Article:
Also, I would consider dropping the Probability and Stoch class and taking a more general, calc-based intro to stats sort of class.

I think to give yourself a solid undergrad math education that will prepare you for math graduate studies (again, I am no expert, and some of what I will list are courses I didn't take but wish I had) you should take:

Linear Algebra
ODEs
PDEs
Calc-Based Stat
Combo
Analysis I
Analysis II
Algebra I
Algebra II
Complex Analysis
Topology

And then pick 3 other classes to take. Although, as I think about it, you might do fine only taking one algebra class or only taking one analysis class.

Thanks again for the replies.
Robert1986:
My university requires that I pick two of the three two-quarter sequences, which are:
Applied Numerical Methods A&B
Probability Theory A&B (Or their statistics counter parts)
Linear/Non-linear and ODEs
I'm also required to take mathematical modeling for my major, and I -hear- that having stats classes is good for the job market. I also really enjoyed my lower division linear diff. class which is why I wanted to further expand my knowledge on it. In addition, I'm going to get this "specialization in computing" which requires 4 programming classes and then the 2 courses on Applied numerical method. However I do really want to take the algebra series (ours is 3 classes...yay quarters, but I can just take 2 of them).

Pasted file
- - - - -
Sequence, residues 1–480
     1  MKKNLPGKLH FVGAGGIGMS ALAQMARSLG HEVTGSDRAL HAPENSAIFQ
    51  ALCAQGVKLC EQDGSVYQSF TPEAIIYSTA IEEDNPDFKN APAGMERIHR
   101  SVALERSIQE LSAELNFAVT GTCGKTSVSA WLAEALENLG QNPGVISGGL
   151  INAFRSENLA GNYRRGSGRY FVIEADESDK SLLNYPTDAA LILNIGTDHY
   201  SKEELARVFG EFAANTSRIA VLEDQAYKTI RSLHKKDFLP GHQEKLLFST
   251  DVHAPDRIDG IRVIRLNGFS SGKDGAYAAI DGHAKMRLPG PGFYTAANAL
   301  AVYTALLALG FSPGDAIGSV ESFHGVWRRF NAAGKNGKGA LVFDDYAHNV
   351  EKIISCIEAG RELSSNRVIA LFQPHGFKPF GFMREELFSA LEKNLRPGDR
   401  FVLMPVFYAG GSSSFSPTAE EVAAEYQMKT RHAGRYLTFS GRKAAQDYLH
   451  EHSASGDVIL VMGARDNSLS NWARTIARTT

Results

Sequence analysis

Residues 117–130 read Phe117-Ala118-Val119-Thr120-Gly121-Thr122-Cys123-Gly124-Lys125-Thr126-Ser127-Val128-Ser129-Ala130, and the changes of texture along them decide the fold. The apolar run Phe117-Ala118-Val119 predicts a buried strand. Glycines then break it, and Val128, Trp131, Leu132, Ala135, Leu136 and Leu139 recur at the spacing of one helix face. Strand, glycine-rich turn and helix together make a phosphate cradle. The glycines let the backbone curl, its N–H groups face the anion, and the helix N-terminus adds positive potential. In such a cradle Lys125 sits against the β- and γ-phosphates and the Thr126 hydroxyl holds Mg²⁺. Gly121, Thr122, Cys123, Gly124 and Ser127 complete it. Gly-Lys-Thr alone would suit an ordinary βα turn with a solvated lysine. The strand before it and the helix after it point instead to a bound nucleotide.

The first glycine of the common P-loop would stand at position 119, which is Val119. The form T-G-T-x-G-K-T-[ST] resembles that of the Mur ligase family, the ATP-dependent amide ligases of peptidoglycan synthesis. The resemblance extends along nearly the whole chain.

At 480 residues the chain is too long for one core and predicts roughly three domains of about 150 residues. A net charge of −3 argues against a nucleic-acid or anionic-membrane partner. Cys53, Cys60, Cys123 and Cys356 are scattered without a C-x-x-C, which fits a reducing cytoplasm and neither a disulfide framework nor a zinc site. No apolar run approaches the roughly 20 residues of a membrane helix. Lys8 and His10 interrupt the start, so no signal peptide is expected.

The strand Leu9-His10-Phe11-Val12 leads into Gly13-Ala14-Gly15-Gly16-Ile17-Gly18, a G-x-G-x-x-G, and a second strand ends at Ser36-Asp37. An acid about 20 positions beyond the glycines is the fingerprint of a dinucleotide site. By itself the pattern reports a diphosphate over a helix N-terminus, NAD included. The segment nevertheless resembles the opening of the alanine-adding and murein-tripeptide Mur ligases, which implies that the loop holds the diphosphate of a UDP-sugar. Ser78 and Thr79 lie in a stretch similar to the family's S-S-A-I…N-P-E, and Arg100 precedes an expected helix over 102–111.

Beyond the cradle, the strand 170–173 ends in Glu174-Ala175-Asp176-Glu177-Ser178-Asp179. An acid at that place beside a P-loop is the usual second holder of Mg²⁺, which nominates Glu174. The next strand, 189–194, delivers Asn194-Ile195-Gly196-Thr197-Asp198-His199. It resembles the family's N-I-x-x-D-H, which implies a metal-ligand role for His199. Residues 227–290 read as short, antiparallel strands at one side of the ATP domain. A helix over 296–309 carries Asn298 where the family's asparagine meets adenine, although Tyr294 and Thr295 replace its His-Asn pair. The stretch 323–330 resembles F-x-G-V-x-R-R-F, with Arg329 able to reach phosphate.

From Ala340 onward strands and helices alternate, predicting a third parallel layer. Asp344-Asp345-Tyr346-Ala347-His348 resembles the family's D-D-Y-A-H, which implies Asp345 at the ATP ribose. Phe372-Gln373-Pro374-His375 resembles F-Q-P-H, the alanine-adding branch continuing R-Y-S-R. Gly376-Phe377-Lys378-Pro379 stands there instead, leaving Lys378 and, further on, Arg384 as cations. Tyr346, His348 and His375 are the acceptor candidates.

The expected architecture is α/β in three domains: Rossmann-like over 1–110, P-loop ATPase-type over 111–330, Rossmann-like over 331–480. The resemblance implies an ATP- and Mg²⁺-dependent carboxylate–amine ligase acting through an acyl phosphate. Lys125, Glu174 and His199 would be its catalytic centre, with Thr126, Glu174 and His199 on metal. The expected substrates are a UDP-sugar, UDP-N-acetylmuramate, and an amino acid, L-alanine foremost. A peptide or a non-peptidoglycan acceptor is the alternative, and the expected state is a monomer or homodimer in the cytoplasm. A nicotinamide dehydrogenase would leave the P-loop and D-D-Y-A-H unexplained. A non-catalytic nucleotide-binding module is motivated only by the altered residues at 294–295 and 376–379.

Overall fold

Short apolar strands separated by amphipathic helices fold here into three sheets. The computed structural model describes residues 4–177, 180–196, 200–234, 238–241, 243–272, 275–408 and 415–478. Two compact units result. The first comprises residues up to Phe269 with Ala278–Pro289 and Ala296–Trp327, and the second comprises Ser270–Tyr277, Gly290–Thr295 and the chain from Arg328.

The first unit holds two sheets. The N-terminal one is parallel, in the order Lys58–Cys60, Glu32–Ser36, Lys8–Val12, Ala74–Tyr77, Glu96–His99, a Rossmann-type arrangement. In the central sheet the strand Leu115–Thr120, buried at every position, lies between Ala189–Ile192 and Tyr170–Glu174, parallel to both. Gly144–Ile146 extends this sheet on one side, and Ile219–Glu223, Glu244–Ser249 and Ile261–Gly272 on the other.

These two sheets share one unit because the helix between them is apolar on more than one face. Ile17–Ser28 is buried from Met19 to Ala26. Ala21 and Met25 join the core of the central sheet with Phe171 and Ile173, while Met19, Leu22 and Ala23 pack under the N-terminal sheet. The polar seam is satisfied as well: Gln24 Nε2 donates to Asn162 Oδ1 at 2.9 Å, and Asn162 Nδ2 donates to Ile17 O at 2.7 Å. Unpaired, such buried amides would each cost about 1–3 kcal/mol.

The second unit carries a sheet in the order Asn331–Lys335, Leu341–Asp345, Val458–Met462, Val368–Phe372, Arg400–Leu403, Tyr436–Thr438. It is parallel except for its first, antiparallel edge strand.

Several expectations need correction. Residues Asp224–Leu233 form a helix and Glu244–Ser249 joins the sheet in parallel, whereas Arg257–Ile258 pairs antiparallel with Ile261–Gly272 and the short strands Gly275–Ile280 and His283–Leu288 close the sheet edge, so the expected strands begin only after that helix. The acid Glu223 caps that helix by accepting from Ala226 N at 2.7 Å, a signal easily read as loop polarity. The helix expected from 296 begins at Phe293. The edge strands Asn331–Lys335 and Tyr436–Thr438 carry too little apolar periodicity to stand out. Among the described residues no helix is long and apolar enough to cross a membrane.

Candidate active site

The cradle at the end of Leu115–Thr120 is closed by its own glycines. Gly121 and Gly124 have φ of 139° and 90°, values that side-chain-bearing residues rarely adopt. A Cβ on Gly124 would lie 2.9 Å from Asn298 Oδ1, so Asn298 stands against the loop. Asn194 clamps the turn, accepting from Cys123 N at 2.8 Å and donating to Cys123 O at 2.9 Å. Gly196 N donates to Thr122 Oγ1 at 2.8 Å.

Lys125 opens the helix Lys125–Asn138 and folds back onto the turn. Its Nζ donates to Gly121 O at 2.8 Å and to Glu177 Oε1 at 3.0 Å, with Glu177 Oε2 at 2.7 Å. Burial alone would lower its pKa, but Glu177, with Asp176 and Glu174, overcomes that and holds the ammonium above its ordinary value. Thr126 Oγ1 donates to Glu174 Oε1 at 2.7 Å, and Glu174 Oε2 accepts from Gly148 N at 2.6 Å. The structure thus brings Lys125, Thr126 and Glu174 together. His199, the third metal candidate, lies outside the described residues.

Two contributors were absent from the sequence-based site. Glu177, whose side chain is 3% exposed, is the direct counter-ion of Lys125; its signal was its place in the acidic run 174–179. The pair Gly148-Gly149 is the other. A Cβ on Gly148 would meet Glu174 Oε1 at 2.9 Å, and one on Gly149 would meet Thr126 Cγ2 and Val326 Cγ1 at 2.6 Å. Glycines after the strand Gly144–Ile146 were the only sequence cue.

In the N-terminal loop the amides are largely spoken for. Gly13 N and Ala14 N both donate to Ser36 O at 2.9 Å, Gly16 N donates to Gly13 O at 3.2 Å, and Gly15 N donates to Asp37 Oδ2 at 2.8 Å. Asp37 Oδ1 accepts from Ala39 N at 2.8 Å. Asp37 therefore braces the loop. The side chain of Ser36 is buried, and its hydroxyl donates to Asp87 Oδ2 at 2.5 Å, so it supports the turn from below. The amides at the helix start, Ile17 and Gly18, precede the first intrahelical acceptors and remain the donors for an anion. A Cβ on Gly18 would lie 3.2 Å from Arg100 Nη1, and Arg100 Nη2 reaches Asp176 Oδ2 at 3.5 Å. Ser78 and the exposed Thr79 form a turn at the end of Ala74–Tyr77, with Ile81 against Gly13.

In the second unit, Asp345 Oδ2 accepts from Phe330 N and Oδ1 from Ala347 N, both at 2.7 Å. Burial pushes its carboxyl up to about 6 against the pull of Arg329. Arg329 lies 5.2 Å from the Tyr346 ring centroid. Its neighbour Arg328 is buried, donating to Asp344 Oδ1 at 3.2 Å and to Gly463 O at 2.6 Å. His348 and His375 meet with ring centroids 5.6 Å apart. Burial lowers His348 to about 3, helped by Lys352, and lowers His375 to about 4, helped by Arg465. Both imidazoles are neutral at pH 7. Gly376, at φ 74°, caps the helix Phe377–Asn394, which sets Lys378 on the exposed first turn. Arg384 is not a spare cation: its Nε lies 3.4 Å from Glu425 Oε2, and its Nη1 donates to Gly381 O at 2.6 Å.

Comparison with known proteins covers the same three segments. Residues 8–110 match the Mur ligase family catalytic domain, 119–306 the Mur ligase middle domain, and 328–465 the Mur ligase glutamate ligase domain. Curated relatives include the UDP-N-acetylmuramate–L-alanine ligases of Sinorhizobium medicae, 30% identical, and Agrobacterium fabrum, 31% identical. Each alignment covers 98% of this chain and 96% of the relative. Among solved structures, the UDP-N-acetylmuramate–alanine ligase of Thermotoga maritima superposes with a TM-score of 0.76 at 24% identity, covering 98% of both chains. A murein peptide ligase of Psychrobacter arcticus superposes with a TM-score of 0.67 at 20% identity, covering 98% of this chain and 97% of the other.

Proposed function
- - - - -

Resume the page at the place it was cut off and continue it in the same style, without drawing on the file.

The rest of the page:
So I think Robert's list would probably be the most ideal for me and then the other 3 would include numerical methods and the modeling. I guess I just really wanna learn all the math I can and be able to take classes the jobs would like.
Sorry for the wall of text.

I know someone from UCLA that got into a top 10 applied math grad program without taking algebra (or any of 134-136 either), so it's certainly possible. I would also suggest taking the honors sequences that are available. I don't think the order is a big deal for most of those classes.

Even so you'll almost certainly have algebra requirements in the applied math phd program. The grad math department at my school is top 20, and both the pure and applied math students have an algebra requirement.

Algebra takes a bit of time to get used to, so you should learn it now.

"almost certainly" may be a bit strong. Here's what I found when looking at a few applied math programs wrt algebra (not linear)

Required
MIT
Berkeley

Not Required
UCLA
Washington
Caltech
NYU
Harvard (SEAS)
Princeton
Brown
Duke

I kind of "feel the need" to take at least one algebra course, which was why I was leaning towards algebra for applications. I also feel the same for topology, but I'm not sure if that's an absolute necessity as an applied math major. And UCLA would be my number one choice for a Master's (I go there for undergrad), but I'm just a wee bit turned off by the M.A. Probably not a huge deal anyway.